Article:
What is reflux?
Normally, the food we eat is chewed inside the mouth, pushed to the back with the tongue and sent to the stomach via esophageous. The muscles, which surround esophageous like a circle at the end section, form lower esophageal sphincter (LES). By the contraction of these muscles, acidic stomach content is stopped from going back (reflux) to esophagous. In reflux, this barrier (sphincter) between the stomach and the esophageous does not close completely, as a result, the stomach content trespasses to esophageous. While the acidic stomach content moves towards the esophageous, it interacts with the mucosa that covers the internal walls of the tube and a reaction occurs; it resembles the burning sensation we feel when lemon juice splashes into our eyes. As a matter of fact, the burning sensation (heartburn) behind the rib cage, which we observe in some of the reflux patients, is a consequence of that. Occasional burning sensation behind the rib cage is normal. However, if it becomes chronic and starts happening more than twice a week, then reflux is a possibility and you should see your doctor. Untreated reflux might lead to significant health issues.
What needs to be done to protect from reflux?
5. Baggy attire should be preferred
6. Eating slowly and biting and chewing smaller pieces
7. Not to go to bed with a full stomach
8. Food intake must be stopped two hours before bedtime
9. Header side of the bed must be elevated 15 cm from the ground to have the bed inclined; are the recommendations.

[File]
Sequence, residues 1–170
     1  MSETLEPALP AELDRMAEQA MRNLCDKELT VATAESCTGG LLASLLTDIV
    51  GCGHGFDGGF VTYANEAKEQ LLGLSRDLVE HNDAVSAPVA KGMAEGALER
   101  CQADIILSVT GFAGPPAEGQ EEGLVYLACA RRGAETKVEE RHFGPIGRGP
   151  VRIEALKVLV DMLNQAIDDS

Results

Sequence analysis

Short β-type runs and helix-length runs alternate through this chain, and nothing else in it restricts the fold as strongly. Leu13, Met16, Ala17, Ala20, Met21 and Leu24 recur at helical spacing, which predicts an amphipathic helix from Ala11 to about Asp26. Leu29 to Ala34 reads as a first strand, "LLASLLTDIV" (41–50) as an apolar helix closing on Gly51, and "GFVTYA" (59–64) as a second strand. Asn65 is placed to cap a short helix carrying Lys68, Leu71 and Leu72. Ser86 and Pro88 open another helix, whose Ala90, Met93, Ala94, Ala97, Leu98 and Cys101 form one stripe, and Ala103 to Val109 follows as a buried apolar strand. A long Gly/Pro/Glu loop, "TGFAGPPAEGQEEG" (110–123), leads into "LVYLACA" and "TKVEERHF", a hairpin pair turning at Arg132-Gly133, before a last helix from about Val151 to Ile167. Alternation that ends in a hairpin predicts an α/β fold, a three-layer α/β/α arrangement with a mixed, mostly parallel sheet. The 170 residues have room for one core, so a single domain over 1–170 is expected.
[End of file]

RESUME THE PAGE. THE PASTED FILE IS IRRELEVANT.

After the diagnosis of reflux by your doctor, you should change your life style as stated above and take your medications regularly. You should stick to your follow-up visits as determined by your doctor and learn if you received the adequate amount of treatment or whether you need other treatments as well or not.
What are the complaints of patients with reflux?
The most common complaints are intermittent burning behind the rib cage, sour-spicy taste water coming to mouth, sore throat, burning, hoarseness in the mornings, dry cough, ticklish and sticky feeling in the throat, mouth and breath smell, nausea.
How is the disease diagnosed?
Patient history and the complaints are the primary guidance. Subsequently, a classical ENT examination and in addition inspection of patient’s nose, nasal cavity, tongue base, vocal cords and the esophageal inlet with the help of an instrument called flexible laryngoscope that has a camera at the tip of it, to see if there is any sign of reflux. In the wake of these exams, if the conclusion is reflux, then initially, medication treatment is started to observe the patient. Patient’s diet is organized. The following steps are explained. Usually, it is enough to get positive results by organizing the medications, diet and life style. Persistent cases might require further examination and treatment. Some cases might need to be inspected via esophageous and stomach endoscopy, biopsy, PH monitoring and manometry methods.
Are there other treatment methods besides medication?
Yes. Especially in the esophageous, depending on the reactional changes that occur due to constant interaction with the stomach acid called Barret Esophageous, surgical treatments might be considered. Fundoplication operation is the most common one among surgical treatments.